With all due respect to the mover, I come down firmly on the side of Senator Joyal. He asked the relevant questions: Can we amend this bill? Can we as a Senate enter into this and require Parliament to look at this much more thoroughly? It was a quality argument by Senator Joyal. I am firmly in support of the argument he clearly enunciated.

Honourable senators, we have a bill which attempts to take away a right that was granted on a very sound basis, and it is against the Constitution and the Charter of Rights and Freedoms to take that away. In my opinion that is cruel. We've heard from two or three speakers this evening. They've differed about when it's likely that this will occur. I believe it will likely occur very quickly. Somebody suffering intolerably will be required to take to the Supreme Court a request for a ruling in their favour that the Supreme Court has already granted.

As a Canadian, I cannot support such a cruel action on the part of the Parliament of Canada. Parliament's role, in my opinion, is to lead for Canadians and their protection, not to take it away. Honourable senators, I absolutely, unequivocally, and with extremely deep thought, fully support and will vote absolutely for Senator Joyal's amendment.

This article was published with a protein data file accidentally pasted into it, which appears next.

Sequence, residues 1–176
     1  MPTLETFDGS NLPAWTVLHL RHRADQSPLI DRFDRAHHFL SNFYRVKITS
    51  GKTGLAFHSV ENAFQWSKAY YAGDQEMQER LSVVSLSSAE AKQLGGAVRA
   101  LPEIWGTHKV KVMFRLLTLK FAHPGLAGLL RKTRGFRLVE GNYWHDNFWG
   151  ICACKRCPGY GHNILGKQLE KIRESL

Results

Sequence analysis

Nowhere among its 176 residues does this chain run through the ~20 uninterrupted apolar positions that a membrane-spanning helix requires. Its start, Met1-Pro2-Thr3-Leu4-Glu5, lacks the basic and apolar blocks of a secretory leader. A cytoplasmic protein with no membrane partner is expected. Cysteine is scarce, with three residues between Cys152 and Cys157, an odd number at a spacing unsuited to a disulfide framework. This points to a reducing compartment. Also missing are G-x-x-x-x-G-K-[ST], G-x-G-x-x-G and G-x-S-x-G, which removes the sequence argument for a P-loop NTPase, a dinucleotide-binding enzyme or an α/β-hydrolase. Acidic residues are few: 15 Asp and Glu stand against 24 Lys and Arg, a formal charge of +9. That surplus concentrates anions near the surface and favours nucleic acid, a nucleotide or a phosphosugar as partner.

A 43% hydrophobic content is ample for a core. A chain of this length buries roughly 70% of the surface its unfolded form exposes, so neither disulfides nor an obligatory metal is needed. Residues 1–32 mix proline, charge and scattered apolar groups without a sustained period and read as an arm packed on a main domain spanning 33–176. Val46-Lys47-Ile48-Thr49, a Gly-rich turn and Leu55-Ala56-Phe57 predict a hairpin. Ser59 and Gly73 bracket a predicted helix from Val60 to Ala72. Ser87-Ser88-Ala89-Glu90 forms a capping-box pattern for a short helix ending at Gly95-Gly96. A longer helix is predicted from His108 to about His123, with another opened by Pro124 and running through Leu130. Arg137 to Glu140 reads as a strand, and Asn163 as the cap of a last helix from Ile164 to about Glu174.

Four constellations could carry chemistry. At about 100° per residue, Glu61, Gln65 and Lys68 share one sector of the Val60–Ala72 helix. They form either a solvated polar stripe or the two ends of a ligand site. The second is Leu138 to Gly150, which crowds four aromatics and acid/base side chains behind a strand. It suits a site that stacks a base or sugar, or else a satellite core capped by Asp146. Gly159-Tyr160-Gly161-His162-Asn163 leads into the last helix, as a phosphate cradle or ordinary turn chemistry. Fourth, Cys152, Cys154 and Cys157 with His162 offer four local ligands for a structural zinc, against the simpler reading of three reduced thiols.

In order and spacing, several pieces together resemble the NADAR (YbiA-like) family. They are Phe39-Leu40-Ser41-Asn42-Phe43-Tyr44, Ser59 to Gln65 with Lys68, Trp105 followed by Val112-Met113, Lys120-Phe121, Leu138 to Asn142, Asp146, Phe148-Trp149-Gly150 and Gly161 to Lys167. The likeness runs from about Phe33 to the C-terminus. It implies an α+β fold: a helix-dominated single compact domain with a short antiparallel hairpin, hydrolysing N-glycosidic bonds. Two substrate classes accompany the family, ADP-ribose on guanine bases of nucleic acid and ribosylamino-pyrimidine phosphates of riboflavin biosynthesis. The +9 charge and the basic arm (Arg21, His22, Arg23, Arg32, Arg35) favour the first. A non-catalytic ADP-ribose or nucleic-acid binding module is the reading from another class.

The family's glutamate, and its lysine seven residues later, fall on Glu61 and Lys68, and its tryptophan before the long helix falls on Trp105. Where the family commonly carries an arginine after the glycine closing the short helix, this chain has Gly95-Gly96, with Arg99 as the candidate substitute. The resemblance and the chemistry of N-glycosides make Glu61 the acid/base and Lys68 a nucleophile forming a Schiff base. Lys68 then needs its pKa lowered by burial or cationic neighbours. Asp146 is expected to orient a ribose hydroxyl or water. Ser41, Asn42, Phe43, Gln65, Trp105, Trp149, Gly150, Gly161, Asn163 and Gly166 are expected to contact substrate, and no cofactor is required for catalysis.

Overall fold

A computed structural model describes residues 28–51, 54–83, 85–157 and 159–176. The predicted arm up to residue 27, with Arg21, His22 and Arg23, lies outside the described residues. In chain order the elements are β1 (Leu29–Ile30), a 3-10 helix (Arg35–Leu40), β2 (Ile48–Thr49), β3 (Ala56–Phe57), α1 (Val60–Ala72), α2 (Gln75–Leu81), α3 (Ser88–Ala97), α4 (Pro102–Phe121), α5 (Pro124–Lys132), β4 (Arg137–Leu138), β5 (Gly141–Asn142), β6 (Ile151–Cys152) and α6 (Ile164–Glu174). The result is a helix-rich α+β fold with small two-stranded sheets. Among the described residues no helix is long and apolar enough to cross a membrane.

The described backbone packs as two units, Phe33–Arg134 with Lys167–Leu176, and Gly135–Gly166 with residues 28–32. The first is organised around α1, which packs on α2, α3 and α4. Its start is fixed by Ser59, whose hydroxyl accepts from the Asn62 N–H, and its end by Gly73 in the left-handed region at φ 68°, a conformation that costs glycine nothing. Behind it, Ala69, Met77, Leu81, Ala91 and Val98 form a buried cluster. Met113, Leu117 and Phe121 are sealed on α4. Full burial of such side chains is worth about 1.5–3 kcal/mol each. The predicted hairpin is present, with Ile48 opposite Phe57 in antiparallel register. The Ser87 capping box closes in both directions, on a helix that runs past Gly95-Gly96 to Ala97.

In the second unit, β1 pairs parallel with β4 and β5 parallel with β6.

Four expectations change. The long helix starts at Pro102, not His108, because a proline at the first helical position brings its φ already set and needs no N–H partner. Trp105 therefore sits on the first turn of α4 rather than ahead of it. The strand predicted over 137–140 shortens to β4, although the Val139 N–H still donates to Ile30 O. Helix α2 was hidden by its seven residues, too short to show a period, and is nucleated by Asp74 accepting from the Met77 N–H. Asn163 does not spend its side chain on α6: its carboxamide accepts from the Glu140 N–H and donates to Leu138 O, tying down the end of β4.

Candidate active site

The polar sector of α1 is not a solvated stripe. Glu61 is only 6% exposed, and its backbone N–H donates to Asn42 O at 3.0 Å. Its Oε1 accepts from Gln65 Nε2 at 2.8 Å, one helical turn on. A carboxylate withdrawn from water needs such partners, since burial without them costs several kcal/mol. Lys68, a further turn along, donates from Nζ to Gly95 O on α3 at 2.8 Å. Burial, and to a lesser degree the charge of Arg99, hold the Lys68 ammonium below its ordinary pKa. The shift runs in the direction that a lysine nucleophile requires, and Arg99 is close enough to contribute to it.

Senator Dyck: Will the honourable senator take a question?

Senator Ogilvie: Certainly, senator.

Senator Dyck: Thank you. I enjoyed your speech very much. I thought you were very, very clear. You stated that this bill will be taking away the rights of a category of people, and that is cruel. I agree with you entirely.

In the court challenges, in particular the Carter decision, was the Government of Canada not arguing that no one had those rights? They weren't even willing to grant those rights, those same lawyers in the government. Would that mindset still be part of their decision making? Would that not give them a perspective that maybe they are being generous, when, in fact, they're not?

Human beings all have their own viewpoint. Did the argument against granting any rights taint their neutrality in granting rights to all those groups of people?